While a few provisions in international laws and standards guide the creation of metaverse platforms today, the laws are not explicit. So, some metaverse builders or users might not comply with these laws or find ways to cut back on them.

The metaverse is an alternate reality or a simulation of the physical world with no geographical barrier. Therefore, the laws, freedoms, and rights that protect people physically should also be available to protect them in the metaverse.

Metaverse Regulations that will protect builders and users

Identity

Managing user identity is key to protecting them. Hence, state agencies could mandate metaverse platforms to create improved identity methods. Today, a large number of social media accounts are bots. So, identity systems are necessary for developers to ensure that the digital worlds they create are inhabited by humans, not bots.

Also, user verification will help to ensure that one person maintains only one account. Note that the current means of identity will not be enough in the metaverse.

If people were to log in with phone numbers or other traditional means, then they could create multiple accounts, fake their identities, and even impersonate others. Blockchain metaverses use wallets and emails to identify users. This form of identity is also not reliable.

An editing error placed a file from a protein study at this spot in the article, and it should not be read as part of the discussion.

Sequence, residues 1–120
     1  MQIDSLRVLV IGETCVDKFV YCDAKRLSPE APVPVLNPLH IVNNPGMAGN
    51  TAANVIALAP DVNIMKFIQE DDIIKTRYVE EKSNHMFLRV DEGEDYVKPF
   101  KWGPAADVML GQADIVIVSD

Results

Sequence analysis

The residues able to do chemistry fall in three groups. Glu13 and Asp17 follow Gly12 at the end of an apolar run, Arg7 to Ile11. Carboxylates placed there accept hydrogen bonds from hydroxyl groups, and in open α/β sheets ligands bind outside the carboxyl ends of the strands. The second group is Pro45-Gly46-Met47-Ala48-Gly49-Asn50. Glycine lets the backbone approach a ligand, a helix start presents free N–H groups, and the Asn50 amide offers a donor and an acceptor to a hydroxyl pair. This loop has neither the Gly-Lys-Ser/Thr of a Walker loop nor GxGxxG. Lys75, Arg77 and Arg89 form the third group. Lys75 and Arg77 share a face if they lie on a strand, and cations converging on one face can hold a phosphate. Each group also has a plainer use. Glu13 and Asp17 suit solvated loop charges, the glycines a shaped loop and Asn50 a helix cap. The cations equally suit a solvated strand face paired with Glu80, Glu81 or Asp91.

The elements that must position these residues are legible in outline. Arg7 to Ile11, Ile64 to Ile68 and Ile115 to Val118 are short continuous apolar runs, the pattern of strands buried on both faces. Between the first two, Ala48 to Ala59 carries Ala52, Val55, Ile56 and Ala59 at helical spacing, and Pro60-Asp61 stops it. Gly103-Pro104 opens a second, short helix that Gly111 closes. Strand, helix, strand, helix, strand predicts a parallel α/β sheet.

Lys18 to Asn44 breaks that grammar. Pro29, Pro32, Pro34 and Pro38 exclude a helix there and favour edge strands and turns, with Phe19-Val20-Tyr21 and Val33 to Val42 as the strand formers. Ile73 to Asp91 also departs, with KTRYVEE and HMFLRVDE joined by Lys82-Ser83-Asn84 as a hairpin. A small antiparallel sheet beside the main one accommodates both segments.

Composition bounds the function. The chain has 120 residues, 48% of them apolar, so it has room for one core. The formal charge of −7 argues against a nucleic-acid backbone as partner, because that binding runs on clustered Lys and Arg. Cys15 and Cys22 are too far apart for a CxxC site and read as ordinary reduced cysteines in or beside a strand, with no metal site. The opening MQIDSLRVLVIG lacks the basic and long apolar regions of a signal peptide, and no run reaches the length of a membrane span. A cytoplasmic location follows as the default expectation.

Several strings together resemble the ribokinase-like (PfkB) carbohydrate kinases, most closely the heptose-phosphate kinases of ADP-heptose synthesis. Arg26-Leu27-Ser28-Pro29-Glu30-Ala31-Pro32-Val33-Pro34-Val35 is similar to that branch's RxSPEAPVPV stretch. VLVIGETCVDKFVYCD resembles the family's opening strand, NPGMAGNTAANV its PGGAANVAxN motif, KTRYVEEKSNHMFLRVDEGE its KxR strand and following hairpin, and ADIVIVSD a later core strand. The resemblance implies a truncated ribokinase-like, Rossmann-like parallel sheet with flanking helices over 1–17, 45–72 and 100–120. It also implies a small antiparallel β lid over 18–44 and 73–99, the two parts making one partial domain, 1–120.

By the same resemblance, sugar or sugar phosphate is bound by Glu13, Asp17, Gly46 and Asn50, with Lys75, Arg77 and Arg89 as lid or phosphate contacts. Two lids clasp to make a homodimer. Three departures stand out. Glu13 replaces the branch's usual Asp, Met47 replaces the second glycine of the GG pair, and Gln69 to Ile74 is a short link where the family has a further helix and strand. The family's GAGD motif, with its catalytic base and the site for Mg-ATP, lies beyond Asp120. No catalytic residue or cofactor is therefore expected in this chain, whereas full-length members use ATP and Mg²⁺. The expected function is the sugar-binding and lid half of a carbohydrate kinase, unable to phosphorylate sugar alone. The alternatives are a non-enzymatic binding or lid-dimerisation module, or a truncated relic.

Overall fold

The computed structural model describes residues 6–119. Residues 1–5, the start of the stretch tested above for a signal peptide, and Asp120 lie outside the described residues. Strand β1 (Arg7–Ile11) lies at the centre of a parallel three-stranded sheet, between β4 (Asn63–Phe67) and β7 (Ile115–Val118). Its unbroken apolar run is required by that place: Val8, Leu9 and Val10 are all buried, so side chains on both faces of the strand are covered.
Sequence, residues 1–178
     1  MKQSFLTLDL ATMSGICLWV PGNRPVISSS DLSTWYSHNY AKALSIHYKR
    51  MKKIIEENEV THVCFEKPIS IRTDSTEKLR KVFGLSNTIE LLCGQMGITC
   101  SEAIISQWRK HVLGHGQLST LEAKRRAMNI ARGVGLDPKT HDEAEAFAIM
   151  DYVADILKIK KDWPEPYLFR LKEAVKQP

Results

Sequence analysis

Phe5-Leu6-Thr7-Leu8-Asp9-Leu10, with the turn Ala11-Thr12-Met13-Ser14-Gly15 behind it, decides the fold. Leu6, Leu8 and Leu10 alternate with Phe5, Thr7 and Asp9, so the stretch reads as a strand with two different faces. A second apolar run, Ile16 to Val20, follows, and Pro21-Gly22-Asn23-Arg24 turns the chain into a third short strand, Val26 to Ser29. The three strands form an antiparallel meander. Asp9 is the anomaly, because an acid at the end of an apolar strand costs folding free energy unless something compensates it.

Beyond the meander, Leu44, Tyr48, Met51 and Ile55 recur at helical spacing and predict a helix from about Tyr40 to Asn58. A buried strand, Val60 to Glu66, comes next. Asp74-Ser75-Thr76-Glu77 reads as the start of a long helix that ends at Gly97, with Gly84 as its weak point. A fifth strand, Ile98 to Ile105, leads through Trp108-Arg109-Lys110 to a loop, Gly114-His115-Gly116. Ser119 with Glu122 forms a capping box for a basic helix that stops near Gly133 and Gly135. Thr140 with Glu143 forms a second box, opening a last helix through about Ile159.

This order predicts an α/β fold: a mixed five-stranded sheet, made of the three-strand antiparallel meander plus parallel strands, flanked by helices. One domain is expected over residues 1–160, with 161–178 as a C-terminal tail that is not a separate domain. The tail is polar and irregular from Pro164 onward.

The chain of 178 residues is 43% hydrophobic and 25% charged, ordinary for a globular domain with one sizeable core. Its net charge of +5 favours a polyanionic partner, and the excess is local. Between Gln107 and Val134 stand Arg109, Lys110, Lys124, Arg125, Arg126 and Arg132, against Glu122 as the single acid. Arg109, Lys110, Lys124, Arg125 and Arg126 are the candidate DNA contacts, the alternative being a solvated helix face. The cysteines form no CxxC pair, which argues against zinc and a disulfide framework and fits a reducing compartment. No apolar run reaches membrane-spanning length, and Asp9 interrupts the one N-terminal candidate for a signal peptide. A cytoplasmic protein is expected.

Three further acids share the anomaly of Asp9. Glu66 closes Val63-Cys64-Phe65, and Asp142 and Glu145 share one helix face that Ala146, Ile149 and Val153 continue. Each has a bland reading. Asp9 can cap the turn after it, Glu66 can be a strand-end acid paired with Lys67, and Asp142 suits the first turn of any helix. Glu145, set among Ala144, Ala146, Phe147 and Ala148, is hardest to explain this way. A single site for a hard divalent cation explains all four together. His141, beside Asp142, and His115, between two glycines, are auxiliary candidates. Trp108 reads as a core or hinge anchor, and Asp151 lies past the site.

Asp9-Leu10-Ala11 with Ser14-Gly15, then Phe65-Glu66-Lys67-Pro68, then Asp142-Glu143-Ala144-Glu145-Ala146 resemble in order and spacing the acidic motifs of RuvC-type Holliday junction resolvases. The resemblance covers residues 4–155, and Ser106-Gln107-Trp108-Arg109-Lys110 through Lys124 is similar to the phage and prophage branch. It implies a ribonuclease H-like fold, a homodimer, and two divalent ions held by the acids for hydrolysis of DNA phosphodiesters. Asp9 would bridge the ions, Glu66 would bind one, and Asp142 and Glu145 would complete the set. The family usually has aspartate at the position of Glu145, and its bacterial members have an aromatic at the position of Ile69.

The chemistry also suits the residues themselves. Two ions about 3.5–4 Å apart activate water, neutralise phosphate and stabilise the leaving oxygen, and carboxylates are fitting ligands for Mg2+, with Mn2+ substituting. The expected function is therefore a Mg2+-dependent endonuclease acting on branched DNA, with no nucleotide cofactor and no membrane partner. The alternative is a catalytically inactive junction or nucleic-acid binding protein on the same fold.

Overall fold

Using Biometric methods like fingerprints and facial recognition, each person will only have one account. Moreover, a close friend or family will not have access to such an account and cannot use it unless authorized.

Copyright and Consumer rights

You can protect your work by obtaining a patent when you invent or create in the physical world. However, such rights or laws seem to be absent in virtual worlds. There are already some disputes regarding copyright in the NFT sector. Such disputes will increase if no metaverse regulations are protecting intellectual property.

For instance, if a company opens a virtual store on a metaverse platform, the host platform must prevent other users from creating a look-alike of such a store. This measure is vital, so buyers do not visit and patronize fake virtual stores. Further, regulations are needed to ensure that anyone creating a virtual store to sell physical goods can verify that those goods are available physically.

Asset Ownership

People can purchase and own virtual assets as they do in the case of tangible or traditional assets. Yet, metaverse regulations might solve specific issues with virtual assets.

One such issue arises when a metaverse platform decides to cease its operations. In that case, the common possibility is that people lose their assets and money. Even when that asset is stored in the owner’s wallet (e.g., virtual lands and NFTs), they become worthless when the issuing platform folds up. Accordingly, regulators can mandate virtual worlds to insure the value of assets they issue or develop other laws that protect people who buy metaverse assets.

Furthermore, if the metaverse becomes a regulated industry, virtual assets will be under the SEC’s control. Thus, users will be protected when buying, selling, or transferring a virtual asset in the metaverse.